We stopped by The Arc in Beeston to get the ultimate Taylor Swift experience...
If reports are to be believed, at least eight movie releases were altered due to the swift (get it) drop of Taylor Swift: The Eras Tour. By releasing the filmed version of her biggest concert to date, bypassing the major American studios, and working directly with the theatres, Swift and her production team managed to create a bubble of anticipation so large that even The Exorcist got scared.
There’s absolutely no doubting, whether you’re a Swifty (the name of Taylor’s super fans) or not, that this show is one of the most spectacular shows you’ll ever see. At the still somewhat tender age of 33, Swift has somehow managed to release ten studio albums which she has cleverly arranged into ten acts over the course of almost three hours. Not even Shakespeare managed ten acts in any one show. I do wonder, however, what the point was in releasing a film version of the event into cinemas - apart from making millions at the box office obviously.
I wonder how I would feel if I had spent ludicrous amounts of money on a ticket to see Swift live, only for a pretty great film version to come out a few months later for regular cinema prices. The Netflix documentary Miss Americana, released only three years ago, was a triumph and, beyond making herself even more stupidly rich than she already is, I just don’t understand the motivation, or indeed, the hype.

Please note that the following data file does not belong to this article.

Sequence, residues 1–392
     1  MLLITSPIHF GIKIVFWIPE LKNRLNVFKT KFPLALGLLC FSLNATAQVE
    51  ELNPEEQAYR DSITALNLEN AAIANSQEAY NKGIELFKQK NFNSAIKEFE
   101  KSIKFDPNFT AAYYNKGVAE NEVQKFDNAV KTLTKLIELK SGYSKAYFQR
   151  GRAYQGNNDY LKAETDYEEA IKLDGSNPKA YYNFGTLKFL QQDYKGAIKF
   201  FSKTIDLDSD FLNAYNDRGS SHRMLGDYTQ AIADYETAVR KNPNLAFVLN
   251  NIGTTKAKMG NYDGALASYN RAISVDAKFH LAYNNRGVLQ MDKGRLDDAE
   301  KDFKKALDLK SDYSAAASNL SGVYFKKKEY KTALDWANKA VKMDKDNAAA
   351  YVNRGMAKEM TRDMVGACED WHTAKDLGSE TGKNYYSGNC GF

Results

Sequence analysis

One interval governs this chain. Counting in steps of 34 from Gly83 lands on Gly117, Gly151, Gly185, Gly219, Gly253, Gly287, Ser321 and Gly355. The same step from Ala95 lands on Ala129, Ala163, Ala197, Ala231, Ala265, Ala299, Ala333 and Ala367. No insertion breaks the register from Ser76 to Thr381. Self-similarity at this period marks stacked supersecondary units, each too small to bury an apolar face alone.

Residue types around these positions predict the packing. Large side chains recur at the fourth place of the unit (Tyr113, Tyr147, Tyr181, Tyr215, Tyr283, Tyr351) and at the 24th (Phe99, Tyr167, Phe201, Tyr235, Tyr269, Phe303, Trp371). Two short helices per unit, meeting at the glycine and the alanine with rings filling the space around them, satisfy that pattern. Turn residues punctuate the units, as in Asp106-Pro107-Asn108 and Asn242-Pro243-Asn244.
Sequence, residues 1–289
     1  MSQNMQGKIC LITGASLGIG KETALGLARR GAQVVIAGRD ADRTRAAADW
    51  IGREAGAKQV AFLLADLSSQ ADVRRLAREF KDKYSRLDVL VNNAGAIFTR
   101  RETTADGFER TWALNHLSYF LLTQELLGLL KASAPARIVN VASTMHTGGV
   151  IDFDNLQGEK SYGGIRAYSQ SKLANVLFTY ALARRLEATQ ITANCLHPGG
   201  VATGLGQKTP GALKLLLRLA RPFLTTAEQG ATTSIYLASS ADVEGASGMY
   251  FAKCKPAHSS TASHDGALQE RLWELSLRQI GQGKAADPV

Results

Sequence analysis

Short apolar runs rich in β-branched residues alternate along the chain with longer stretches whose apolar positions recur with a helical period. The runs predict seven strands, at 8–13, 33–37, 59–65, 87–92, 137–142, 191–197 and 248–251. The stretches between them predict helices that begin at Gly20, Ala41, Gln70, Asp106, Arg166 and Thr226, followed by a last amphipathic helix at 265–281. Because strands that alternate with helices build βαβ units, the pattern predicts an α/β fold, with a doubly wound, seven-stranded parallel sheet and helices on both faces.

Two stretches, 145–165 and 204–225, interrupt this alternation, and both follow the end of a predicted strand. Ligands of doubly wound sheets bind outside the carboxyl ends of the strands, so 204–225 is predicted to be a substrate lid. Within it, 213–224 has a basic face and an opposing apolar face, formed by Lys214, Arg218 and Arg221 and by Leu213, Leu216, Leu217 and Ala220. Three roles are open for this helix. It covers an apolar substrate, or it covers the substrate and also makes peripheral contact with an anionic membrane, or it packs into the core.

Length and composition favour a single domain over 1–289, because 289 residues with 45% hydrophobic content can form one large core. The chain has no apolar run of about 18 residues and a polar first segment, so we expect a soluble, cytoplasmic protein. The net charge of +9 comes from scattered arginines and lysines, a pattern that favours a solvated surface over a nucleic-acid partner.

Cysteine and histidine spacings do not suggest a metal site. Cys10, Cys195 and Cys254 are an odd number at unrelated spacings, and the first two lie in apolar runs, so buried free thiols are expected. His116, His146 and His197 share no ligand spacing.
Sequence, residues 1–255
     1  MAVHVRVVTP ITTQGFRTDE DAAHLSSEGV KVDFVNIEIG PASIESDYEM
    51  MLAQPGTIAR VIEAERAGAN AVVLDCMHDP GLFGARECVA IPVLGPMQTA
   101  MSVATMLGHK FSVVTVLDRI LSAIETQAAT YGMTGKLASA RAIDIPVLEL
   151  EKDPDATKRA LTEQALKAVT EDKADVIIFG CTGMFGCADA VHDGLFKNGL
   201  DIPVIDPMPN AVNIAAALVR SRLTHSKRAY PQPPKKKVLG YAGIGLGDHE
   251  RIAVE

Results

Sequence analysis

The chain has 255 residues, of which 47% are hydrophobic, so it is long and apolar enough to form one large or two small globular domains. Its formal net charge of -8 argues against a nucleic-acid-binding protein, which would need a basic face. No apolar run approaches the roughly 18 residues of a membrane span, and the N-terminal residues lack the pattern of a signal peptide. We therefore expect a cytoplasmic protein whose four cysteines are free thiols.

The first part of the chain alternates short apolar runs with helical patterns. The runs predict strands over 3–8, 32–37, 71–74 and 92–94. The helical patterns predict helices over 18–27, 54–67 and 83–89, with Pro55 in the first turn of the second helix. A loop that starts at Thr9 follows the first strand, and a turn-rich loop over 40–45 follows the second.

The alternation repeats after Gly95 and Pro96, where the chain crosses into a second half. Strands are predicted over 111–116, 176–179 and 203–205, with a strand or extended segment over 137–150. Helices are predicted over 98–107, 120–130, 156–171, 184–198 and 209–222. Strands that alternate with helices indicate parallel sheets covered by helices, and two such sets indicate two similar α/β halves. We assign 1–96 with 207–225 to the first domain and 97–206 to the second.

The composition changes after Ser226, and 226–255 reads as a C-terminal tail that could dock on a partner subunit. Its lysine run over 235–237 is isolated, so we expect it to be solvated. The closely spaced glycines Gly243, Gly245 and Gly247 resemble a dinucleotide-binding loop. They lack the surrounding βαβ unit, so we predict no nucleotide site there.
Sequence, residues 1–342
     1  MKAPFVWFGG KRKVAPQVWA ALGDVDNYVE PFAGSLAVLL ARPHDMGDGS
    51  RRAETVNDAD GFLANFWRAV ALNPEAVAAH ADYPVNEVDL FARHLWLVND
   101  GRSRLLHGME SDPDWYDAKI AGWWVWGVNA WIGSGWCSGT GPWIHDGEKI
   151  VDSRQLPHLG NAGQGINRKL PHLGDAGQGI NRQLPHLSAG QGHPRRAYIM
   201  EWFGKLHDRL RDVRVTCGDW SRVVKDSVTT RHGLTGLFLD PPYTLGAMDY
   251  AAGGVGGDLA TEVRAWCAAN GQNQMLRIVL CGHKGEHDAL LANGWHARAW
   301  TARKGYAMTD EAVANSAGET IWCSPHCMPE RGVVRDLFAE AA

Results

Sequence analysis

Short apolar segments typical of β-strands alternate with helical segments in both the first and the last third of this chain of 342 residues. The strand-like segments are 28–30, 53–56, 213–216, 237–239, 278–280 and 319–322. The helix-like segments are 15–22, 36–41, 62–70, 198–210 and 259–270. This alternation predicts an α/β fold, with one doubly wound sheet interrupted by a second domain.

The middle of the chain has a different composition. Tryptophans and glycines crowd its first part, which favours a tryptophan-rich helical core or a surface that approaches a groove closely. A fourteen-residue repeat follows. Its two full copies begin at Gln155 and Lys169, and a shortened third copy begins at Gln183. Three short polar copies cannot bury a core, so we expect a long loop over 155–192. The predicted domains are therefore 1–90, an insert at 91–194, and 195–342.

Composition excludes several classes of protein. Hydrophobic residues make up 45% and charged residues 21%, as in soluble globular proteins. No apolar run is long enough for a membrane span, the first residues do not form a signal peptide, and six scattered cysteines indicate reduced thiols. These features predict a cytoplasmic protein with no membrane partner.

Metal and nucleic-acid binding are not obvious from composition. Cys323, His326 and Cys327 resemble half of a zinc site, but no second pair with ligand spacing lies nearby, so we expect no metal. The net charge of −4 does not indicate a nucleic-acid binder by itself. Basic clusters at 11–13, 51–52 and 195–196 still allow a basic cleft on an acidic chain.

The costumes were dazzling, the lighting extraordinary and the set design superb
Nevertheless, this tour is incredible in scale, with her most well known albums such as Fearless, Red and 1989 being the most enjoyable. Tracks such as I Knew You Were Trouble, Shake It Out and Bad Blood were belted out with the confidence of a woman who has grown up on stage and has no trouble conquering it again and again. A personal favourite was Love Story which, for any other thirty year olds reading this, will take you right back to secondary school. The section dedicated to her revenge album Reputation was also pretty sexy, following her spat with rapper Kanye West; devilish girl power at its best.
The sheer spectacle of the show was like Notting Hill Carnival and half time at the Superbowl thrown together into a chaotic and exciting mashup, featuring up of some of the catchiest pop songs of the past two decades. The costumes were dazzling, the lighting extraordinary and the set design superb. Some performances, musical or otherwise, need to be seen and heard on a big screen; however, not much would be lost if somebody decided to view it on the smaller screen instead.
We have a favour to ask
LeftLion is Nottingham’s meeting point for information about what’s going on in our city, from the established organisations to the grassroots. We want to keep what we do free to all to access, but increasingly we are relying on revenue from our readers to continue. Can you spare a few quid each month to support us?